Postby Freakzilla » 26 Feb 2021 10:33

Suk on this wrote:But why were there so many Sardauker? Why were the Guild so heavily involved?


They were on loan to the Harkonnens from the emperor, he didn't like Duke Leto either. The Baron paid the Guild for their transport.

Thawat was missing one vital piece of information - the Guild wanted Paul Atreides dead. There was not just Harkonnen and and the Emperor, but the Guild too had an interest.


I think you might be injecting a scene from the movie into the book. We don't even see a Guildsman until the end of the book. They only really became concerned because the spice was threatened
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Re: Did Hawat screw up?

Postby Suk on this » 28 Feb 2021 17:53

Freakzilla wrote:
Suk on this wrote:But why were there so many Sardauker? Why were the Guild so heavily involved?


They were on loan to the Harkonnens from the emperor, he didn't like Duke Leto either. The Baron paid the Guild for their transport.

Thawat was missing one vital piece of information - the Guild wanted Paul Atreides dead. There was not just Harkonnen and and the Emperor, but the Guild too had an interest.


I think you might be injecting a scene from the movie into the book. We don't even see a Guildsman until the end of the book. They only really became concerned because the spice was threatened


Damn! You are right. I had attempted to watch a fan edit (it hadn't helped). Amazing how these things insinuate themselves. I'll say nothing else on the matter until I have read the section where I think this, though, may be hinted at (I may also be mis-remembering that). It made sense to me that a Mentat, shorn of vital information, would reach incorrect conclusions. I mean, 10 legions instead of 1...that's a pretty big miss, that has really...like, disastrously, under-estimated the Baron's desires.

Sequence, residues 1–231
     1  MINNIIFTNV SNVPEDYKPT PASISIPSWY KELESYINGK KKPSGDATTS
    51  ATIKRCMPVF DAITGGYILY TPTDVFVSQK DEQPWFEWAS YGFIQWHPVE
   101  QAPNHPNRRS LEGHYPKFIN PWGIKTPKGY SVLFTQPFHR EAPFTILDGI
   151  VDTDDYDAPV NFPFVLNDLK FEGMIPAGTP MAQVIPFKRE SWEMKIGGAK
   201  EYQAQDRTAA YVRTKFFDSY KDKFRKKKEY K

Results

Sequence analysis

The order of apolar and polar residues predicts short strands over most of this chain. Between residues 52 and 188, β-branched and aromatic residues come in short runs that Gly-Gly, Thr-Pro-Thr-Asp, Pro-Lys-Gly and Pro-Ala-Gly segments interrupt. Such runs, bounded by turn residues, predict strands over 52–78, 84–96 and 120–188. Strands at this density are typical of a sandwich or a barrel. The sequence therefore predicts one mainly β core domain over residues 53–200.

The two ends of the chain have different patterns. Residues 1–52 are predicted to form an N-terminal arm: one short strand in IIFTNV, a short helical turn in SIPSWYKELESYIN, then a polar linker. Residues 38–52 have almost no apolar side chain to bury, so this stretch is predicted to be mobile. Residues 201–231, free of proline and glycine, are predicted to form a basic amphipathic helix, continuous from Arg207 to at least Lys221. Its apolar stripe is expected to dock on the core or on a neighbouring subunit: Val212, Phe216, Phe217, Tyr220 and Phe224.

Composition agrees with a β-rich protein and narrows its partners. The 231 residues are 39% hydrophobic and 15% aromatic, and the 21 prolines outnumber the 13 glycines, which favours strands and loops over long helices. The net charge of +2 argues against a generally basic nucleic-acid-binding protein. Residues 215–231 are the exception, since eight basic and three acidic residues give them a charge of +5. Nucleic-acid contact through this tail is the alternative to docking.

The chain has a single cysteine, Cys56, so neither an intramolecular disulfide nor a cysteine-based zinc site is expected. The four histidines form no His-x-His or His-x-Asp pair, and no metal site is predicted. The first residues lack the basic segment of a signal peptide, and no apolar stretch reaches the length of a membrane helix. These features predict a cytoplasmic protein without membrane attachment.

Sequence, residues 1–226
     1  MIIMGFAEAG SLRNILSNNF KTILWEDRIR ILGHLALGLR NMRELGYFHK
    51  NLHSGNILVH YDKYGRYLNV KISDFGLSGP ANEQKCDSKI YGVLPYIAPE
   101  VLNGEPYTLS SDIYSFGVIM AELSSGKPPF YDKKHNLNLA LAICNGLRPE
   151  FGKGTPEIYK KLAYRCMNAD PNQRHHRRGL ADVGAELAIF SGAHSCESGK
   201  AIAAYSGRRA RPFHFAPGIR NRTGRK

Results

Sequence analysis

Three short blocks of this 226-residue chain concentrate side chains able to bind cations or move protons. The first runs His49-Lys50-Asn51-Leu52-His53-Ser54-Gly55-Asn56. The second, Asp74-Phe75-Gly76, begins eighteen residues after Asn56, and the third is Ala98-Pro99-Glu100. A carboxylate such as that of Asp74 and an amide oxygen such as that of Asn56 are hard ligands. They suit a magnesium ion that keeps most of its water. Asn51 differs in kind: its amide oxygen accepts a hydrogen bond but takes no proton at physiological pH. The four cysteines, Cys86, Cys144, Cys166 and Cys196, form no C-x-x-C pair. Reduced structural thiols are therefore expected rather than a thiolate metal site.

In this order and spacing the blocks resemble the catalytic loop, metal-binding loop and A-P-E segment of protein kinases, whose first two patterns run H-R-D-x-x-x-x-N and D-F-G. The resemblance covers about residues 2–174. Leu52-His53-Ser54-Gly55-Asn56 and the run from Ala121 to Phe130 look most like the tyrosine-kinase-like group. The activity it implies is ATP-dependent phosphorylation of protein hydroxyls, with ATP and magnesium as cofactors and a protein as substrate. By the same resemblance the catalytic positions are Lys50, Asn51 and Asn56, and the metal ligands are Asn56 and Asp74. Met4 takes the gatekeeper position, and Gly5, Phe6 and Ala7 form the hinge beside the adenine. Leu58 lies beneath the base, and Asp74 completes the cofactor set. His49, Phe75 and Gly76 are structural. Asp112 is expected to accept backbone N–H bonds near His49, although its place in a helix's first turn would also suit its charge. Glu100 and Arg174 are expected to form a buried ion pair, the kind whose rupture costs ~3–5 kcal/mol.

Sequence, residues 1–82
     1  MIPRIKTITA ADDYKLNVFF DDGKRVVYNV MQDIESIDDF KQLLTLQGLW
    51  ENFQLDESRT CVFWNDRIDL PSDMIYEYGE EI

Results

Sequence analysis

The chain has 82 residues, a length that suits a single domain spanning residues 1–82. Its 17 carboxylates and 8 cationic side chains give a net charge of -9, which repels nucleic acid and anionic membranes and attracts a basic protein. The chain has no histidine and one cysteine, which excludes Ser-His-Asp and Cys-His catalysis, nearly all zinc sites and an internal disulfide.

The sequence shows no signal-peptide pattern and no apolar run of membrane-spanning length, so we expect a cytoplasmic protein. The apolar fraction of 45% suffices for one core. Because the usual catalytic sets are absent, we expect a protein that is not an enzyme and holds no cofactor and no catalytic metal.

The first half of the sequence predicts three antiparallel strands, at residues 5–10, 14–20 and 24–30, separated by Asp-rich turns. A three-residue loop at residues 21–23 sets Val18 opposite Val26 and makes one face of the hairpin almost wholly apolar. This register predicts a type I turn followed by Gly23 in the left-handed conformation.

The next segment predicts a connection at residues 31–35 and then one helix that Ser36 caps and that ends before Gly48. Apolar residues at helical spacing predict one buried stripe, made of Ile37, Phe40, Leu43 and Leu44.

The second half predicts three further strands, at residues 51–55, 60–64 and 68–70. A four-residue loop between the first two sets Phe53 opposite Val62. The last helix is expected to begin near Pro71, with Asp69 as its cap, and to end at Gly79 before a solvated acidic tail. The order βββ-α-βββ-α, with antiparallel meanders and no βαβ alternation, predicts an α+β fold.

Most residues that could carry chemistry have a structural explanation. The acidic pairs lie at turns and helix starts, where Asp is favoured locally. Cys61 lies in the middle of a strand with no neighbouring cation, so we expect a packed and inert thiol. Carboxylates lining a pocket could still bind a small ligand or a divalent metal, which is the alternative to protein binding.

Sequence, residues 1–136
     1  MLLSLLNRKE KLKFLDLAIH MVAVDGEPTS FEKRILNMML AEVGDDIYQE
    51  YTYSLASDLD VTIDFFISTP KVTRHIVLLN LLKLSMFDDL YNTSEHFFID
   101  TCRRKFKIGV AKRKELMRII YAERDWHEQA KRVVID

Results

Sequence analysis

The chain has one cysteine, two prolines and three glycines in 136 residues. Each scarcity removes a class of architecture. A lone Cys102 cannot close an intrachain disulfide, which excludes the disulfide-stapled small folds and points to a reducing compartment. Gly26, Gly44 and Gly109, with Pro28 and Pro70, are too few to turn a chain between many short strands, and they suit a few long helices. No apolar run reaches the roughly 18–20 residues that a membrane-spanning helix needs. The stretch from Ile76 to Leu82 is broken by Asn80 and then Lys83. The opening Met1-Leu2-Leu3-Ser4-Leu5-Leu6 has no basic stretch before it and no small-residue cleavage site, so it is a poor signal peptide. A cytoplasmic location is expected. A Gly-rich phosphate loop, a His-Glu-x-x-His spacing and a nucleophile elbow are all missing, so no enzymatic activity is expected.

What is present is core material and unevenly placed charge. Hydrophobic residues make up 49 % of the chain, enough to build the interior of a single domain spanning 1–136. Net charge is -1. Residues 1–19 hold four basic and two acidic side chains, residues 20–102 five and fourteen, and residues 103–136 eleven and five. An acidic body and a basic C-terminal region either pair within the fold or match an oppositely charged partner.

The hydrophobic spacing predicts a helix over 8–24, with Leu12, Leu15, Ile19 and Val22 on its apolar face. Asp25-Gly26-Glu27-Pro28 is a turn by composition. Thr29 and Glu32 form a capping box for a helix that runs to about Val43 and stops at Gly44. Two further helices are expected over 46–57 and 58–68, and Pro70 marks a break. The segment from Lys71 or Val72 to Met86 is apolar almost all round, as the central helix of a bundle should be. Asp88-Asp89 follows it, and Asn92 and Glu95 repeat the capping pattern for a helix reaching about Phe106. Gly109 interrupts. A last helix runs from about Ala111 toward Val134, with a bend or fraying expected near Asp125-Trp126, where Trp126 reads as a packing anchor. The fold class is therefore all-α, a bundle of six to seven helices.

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Re: Did Hawat screw up?

Postby Serkanner » 02 Mar 2021 03:05

Suk on this wrote:[ I mean, 10 legions instead of 1...that's a pretty big miss, that has really...like, disastrously, under-estimated the Baron's desires.


Dune:

"Don't distract me," Piter said. "While Hawat's occupied with the Lady Jessica, we'll divert him further with uprisings in a few garrison towns and the
like. These will be put down. The Duke must believe he's gaining a measure of security. Then, when the moment is ripe, we'll signal Yueh and move in with our major force . . . ah . . . "
"Go ahead, tell him all of it," the Baron said.
"We'll move in strengthened by two legions of Sardaukar disguised in Harkonnen livery."
"Sardaukar!" Feyd-Rautha breathed. His mind focused on the dread Imperial troops, the killers without mercy, the soldier fanatics of the Padishah Emperor.


"There it is," the Duke said, "exactly as we expected. We'll have to move fast with the Fremen. I'd like five full battalions of Fremen troops before the
first CHOAM audit."
"That's not much time, Sire," Hawat said.
"We don't have much time, as you well know. They'll be here with Sardaukar disguised as Harkonnens at the first opportunity. How many do you think they'll ship in, Thufir?"